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When poised before the decision of faith, the first thing I was asked to do was confess that Jesus Christ is Lord. Almost 30 years later, it is clear that no affirmation I have ever made has more radical implications. Daily I face its uncomfortable, sometimes scandalous, demands. If you are a Christian, so do you.

As a young convert, I learned that confessing Christ as Lord meant renouncing lordship over my own life. The Four Spiritual Laws tract illustrated for me this transition in control—henceforth Jesus, not me, would occupy the throne of my life. Living out that throne-room transition isn't any easier today than it was in 1978.

To say that Jesus is Lord is to renounce our natural instincts, several philosophical systems, and the constantly reinforced message of the culture, which upholds the primacy of the self and the supposed need to organize my life around advancing my interests. When I remind myself in prayer at the beginning of a day that Jesus is Lord, I am challenged to dethrone the All-Important Self, just as I was taught long ago.

Mentors and authors have helped to sharpen my understanding of Christ's lordship. They've warned me about idols that threaten to replace him. Jesus Christ is Lord, so mammon cannot be. Jesus Christ is Lord, so relationships and pleasure cannot be. Neither can fame or power or education or career or success or, well, anything at all.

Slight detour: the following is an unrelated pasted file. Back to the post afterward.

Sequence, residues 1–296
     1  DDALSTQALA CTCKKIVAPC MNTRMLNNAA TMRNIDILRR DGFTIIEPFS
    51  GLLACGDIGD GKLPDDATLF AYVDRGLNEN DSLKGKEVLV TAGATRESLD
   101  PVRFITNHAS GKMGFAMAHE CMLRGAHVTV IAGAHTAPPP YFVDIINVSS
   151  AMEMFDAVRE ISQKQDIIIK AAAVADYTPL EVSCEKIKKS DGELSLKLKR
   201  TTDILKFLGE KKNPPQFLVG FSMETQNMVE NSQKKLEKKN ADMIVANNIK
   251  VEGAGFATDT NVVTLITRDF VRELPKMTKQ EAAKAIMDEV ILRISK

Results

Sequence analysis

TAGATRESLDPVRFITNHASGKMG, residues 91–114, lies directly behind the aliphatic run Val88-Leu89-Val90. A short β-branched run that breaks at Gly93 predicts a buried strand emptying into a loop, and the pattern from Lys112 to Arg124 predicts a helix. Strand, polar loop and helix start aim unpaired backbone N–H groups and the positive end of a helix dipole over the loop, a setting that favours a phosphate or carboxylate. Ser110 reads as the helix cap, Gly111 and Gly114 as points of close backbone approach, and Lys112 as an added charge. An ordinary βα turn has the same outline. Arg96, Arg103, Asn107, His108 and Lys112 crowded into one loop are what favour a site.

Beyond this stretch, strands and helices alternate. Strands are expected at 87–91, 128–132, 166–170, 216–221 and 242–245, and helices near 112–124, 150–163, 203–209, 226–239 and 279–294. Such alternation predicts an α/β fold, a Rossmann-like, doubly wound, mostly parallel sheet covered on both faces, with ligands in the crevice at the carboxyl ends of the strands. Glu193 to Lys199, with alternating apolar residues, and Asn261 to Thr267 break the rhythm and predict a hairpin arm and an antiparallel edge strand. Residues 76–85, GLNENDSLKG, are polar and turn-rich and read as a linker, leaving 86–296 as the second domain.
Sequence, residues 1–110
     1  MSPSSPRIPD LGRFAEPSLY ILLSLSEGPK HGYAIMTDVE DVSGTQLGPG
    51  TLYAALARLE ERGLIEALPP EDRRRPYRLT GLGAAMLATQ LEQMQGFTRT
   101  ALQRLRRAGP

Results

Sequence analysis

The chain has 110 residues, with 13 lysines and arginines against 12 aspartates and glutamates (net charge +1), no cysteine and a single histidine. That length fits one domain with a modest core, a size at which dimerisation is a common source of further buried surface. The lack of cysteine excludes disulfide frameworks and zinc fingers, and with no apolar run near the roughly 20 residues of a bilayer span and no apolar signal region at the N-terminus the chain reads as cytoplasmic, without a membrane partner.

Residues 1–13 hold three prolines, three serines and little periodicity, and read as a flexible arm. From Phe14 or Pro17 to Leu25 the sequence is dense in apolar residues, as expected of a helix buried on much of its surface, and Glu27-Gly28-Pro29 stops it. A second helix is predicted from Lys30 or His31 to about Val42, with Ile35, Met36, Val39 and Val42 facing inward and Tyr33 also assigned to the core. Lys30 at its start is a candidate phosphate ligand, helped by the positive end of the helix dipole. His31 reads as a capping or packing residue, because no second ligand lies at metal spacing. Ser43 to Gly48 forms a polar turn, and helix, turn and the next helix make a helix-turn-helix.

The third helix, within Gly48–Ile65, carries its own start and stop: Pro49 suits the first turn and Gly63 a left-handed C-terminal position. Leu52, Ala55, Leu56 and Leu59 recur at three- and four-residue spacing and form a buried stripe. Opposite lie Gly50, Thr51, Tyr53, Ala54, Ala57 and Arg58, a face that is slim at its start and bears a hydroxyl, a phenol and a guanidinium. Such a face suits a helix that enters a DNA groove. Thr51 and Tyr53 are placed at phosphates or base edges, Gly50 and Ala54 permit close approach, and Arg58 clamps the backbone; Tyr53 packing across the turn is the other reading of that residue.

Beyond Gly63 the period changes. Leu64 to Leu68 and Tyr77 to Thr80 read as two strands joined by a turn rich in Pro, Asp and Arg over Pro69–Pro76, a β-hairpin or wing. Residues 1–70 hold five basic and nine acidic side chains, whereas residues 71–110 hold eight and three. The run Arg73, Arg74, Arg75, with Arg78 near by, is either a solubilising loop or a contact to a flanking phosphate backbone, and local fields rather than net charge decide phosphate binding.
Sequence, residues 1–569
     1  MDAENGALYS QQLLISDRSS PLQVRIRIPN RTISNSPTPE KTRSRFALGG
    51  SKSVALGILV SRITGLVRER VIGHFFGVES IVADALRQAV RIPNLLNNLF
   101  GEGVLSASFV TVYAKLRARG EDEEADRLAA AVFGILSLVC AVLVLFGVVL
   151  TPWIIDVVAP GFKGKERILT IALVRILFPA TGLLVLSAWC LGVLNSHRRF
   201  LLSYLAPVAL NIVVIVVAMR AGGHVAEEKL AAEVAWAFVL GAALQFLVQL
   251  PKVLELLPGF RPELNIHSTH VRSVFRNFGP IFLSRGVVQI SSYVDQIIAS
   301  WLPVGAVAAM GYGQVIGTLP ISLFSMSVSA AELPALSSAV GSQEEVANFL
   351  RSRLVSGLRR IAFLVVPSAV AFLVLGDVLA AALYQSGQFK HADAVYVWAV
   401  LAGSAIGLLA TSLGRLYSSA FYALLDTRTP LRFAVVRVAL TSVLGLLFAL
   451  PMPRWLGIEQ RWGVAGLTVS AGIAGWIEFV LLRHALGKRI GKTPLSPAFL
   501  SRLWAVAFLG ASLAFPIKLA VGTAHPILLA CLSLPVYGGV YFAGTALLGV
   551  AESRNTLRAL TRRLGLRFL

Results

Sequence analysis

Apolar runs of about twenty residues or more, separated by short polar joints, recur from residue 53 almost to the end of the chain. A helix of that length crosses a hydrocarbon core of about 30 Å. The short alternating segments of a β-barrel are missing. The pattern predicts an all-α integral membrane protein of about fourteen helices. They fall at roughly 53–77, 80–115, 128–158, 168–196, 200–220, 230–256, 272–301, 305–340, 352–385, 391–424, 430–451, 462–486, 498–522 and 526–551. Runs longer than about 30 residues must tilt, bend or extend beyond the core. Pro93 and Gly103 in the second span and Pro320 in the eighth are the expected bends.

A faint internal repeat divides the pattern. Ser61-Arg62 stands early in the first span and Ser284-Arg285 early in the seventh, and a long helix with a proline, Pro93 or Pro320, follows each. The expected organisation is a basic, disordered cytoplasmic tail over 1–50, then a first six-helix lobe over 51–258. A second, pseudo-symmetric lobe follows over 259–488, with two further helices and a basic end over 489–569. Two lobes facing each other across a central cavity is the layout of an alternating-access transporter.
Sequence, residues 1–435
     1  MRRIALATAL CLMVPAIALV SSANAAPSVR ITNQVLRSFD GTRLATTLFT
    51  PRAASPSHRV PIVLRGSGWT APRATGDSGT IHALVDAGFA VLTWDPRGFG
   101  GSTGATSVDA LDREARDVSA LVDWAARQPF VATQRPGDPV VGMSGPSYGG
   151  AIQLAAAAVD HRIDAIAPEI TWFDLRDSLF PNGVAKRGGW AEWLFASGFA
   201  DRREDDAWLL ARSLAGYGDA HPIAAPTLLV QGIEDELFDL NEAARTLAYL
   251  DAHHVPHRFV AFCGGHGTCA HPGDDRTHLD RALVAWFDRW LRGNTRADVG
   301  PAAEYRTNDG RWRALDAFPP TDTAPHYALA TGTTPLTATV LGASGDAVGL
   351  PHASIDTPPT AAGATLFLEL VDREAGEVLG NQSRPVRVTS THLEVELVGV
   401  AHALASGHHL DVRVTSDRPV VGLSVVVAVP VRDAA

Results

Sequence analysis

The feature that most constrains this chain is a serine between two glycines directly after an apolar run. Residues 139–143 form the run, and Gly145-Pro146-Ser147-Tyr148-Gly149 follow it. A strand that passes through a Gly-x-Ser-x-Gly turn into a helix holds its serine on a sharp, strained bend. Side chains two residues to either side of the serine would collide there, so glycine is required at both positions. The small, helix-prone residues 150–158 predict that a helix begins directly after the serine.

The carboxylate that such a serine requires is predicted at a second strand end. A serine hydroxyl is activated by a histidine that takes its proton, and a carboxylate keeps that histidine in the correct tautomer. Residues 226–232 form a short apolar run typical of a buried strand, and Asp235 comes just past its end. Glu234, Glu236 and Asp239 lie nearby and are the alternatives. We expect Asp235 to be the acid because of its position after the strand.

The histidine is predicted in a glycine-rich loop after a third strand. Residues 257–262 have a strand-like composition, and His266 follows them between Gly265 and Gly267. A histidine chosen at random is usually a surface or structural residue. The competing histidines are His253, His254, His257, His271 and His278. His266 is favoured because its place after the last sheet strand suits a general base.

Affirming Jesus as Lord relativizes all earthly attractions, pleasures, and goods. They all come a distant second to Christ himself. That's why we can hardly be reminded too frequently of the implications of his lordship.

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Do Likewise
David P. Gushee serves as Distinguished University Professor of Christian Ethics and Director of the Center for Theology and Public Life at Mercer University, where he also chairs the Mercer Lyceum initiative on rebuilding democracy. His column ran from 2005 to 2007.
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January 2007

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